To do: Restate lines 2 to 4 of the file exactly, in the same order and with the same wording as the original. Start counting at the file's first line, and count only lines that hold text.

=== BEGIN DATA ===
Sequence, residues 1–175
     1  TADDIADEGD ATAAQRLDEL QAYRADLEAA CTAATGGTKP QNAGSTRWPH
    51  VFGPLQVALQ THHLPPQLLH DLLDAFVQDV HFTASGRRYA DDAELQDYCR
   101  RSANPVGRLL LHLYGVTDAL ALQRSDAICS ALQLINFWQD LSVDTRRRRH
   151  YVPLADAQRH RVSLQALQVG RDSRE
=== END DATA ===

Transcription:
     1  TADDIADEGD ATAAQRLDEL QAYRADLEAA CTAATGGTKP QNAGSTRWPH
    51  VFGPLQVALQ THHLPPQLLH DLLDAFVQDV HFTASGRRYA DDAELQDYCR
   101  RSANPVGRLL LHLYGVTDAL ALQRSDAICS ALQLINFWQD LSVDTRRRRH